• If you reuse your pans, let them cool completely. Putting cookie dough on a warm baking pan will lead to over-spreading and uneven baking.

How to Store These Cookies

Place the cooled cookies in an airtight container. They should keep up to 3 days.

For longer storage, wrap the cooled cookies in plastic wrap and put in a freezer-safe bag or container. They should keep up to 3 months. Thaw on the countertop for a couple of hours.

Find more cookie recipes in the Recipe Index.

Apple Butter Oatmeal Cookies

Yield about 40 cookies
Prep Time 15 minutes
Cook Time 12 minutes
Total Time 27 minutes

The sweet, spiced flavor of apple butter makes these soft, chewy Apple Butter Oatmeal Cookies wonderfully delicious!

Apple Butter Oatmeal Cookies on a plate

Ingredients

  • 1 & 1/4 cups (150g) all-purpose flour
  • 1 teaspoon baking powder
  • 1/2 teaspoon salt
  • 1 & 1/2 cups (149g) old-fashioned rolled oats
  • 1/2 cup (113g) unsalted butter, softened
  • 3/4 cup (150g) firmly packed light brown sugar
  • 1/2 cup apple butter (store-bought or homemade)
  • 1 large egg
  • 1 teaspoon vanilla extract
  • 3/4 cup chopped nuts, such as pecans or hazelnuts

Instructions

  1. Preheat oven to 350°F. Line baking sheets with parchment paper or silicone liners.
  2. Whisk together the flour, baking powder, and salt. Stir in the oats. Set aside.
  3. Using an electric mixer on medium speed, beat the butter and brown sugar until thoroughly combined. Mix in the apple butter. Add the egg and vanilla, and mix well.
  4. Reduce mixer speed to low. Gradually add the flour mixture, mixing just until combined. Stir in the nuts.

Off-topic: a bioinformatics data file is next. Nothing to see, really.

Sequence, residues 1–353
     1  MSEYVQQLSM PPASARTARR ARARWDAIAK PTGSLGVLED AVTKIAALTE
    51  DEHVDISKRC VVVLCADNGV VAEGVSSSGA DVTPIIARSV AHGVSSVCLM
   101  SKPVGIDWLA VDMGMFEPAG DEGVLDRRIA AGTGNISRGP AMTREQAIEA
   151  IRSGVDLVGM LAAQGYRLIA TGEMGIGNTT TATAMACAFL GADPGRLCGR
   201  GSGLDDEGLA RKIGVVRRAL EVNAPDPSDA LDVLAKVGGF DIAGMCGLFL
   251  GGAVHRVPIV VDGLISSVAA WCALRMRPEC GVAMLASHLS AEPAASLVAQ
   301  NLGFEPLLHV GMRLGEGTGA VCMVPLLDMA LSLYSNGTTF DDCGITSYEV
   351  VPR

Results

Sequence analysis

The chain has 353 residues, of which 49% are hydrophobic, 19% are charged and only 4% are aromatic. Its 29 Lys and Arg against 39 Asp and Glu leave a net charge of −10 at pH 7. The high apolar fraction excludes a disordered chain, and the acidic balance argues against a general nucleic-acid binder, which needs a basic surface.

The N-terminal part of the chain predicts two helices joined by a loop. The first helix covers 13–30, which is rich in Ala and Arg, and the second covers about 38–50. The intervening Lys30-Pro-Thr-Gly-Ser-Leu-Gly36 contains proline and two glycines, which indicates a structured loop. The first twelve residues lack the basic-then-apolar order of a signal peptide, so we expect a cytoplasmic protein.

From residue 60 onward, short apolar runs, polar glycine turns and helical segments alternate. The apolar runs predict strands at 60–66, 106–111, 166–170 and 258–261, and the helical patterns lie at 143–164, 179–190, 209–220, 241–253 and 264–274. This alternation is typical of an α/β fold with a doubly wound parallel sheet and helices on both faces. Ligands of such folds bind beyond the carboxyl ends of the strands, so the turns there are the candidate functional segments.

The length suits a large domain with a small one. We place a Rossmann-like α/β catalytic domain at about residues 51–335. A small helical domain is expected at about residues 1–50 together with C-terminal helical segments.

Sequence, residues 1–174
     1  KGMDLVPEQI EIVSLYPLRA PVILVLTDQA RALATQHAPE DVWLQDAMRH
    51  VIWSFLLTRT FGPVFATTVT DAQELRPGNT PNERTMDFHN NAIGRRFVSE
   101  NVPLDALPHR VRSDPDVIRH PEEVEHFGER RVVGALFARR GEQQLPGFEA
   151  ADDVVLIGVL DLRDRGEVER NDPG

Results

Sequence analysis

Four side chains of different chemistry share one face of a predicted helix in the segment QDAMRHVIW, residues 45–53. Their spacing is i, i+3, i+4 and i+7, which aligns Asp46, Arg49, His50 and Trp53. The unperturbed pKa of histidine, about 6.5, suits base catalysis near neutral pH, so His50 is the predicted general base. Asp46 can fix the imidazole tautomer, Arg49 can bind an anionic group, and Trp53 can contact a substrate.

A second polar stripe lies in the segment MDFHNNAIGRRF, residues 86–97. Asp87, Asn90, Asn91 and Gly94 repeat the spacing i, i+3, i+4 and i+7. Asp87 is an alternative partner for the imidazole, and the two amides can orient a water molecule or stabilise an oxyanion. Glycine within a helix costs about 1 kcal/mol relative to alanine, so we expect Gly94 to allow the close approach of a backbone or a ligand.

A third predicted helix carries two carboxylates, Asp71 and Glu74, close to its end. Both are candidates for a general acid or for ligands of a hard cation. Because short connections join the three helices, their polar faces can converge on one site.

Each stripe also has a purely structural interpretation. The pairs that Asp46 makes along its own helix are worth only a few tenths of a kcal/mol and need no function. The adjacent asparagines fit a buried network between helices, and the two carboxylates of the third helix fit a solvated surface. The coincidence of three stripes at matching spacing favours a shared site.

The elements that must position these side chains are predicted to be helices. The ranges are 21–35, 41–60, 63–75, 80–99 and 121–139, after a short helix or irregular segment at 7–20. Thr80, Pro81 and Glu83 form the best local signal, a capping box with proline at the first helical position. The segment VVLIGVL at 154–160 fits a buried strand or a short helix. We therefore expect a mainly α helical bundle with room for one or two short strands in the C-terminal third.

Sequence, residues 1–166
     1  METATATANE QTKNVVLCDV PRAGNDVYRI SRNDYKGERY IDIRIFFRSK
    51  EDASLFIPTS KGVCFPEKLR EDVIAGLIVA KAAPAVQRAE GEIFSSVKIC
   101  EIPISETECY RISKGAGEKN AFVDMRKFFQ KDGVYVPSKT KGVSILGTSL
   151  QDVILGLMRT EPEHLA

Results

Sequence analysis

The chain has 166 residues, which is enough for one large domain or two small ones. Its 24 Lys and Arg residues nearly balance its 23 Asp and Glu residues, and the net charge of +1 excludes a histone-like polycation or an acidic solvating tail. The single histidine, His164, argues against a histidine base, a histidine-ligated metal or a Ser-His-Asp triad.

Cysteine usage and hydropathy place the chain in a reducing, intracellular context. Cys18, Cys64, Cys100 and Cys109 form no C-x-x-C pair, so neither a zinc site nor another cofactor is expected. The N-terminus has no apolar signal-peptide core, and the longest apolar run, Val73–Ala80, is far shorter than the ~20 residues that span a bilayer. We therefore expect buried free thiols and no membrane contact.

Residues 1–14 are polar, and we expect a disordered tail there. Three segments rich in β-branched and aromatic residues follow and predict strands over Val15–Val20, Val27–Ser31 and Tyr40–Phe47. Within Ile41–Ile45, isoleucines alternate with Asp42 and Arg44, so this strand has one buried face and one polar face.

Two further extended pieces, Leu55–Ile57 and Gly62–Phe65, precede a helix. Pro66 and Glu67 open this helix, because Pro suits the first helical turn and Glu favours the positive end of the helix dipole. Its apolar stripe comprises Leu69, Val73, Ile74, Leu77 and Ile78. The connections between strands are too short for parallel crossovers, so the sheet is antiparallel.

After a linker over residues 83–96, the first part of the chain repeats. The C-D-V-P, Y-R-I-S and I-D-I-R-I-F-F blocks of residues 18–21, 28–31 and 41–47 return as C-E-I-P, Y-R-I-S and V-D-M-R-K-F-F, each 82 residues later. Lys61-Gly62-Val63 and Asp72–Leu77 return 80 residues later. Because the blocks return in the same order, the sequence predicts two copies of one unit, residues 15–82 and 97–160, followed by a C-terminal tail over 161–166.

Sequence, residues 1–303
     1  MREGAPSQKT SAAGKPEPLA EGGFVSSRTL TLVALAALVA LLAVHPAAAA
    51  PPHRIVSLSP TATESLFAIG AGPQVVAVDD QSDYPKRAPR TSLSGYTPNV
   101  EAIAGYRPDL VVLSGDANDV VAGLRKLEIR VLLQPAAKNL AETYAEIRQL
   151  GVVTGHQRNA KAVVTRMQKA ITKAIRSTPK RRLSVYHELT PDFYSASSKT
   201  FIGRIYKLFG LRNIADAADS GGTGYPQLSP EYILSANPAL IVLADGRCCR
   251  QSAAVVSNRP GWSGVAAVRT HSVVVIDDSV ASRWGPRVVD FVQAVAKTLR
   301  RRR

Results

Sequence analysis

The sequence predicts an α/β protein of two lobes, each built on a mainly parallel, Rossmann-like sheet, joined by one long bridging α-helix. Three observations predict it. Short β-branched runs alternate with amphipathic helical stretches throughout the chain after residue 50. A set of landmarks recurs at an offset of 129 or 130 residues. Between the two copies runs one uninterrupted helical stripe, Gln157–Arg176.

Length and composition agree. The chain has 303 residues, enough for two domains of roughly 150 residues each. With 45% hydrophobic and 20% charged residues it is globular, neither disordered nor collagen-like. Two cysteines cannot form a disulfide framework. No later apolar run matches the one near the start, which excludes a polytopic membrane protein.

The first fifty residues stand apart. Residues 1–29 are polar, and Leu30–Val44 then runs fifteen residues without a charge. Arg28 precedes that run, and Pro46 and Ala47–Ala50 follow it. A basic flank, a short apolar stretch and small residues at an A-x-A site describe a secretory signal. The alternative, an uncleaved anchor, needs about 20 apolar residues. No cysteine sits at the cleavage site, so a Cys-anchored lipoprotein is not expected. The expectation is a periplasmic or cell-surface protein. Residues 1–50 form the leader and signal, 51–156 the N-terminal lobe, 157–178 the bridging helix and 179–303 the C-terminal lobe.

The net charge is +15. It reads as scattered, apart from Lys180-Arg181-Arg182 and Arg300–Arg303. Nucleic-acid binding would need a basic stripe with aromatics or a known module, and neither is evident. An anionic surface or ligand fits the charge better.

5. Drop the dough by tablespoonfuls onto the prepared pans, leaving about 2 inches between cookies. A cookie scoop works well for consistent portioning.
  6. Bake 10 to 12 minutes, or until the centers appear set.
  7. Cool on the pans for 5 minutes. Then transfer the cookies to a wire rack to cool completely.

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    23 Comments on “Apple Butter Oatmeal Cookies”

  1. This looks like a yummy cookie. I have some Trader Joe’s Pumpkin Butter and wondered if you thought the consistency of that would work as a substitute for the Apple Butter?

  2. I plan to make these with Trader Joe’s pumpkin butter too!  I’m taking them to Thanksgiving dinner with our in-laws.  They look awesome!  I’ll let you know how they turn out :).  Thanks for all of the great recipes!

  3. Hi Jennifer 

    Could I use my homemade applesauce in place of the apple butter ? It’s quite thick and spiced with cinnamon but not as thick as apple butter ?  Nancy

    • Hi, Nancy. Apple butter is usually thick enough to spread. Applesauce may be too thin to get the same consistency of dough. If your dough is too thin to scoop, you may have to add more flour.

  4. Hi Nancy, have you tried to add some small diced apple. Eating one right now that I got from store and it has sm diced apples. It’s delicious but really want to try your recipe?

  5. Do you have to use hazel nuts or pavan in this recipie

  6. Wondering if I could exclude the nuts

  7. I’d like to substitute steel-cut oats for the rolled (because that’s what I have in the cabinet). Would I want to soak them first or just bake the cookies a bit longer?

    • Hi, Alison. Steel-cut oats are not ideal for baking because they’re so much harder than rolled oats. I’ve not tried it, but I’ve read that they can be used if they’re cooked first. Still, I would expect a difference in the texture of the cookies.

  8. I love these! I added a diced apple instead of nuts, and adjusted with 1/4 cup more of oats. Absolutely fabulous!

  9. Just made these but without nuts. I followed the recipe accordingly but used salted butter because it was all I had on hand and added a tad bit more apple butter. They were absolutely delicious! Thanks for the recipe.

  10. I wouldn’t have changed a thing but I was running low on AP flour. I used pear butter I made and froze last fall, half spelt flour, and made each cookie more like 2 tbsp each. Perfect recipe. Adding to my saved recipes for posterity. So yummy.

  11. Suggestions for high altitude? I usually add an extra egg and 1/4 cup flour. I live at 9300 feet in Colorado.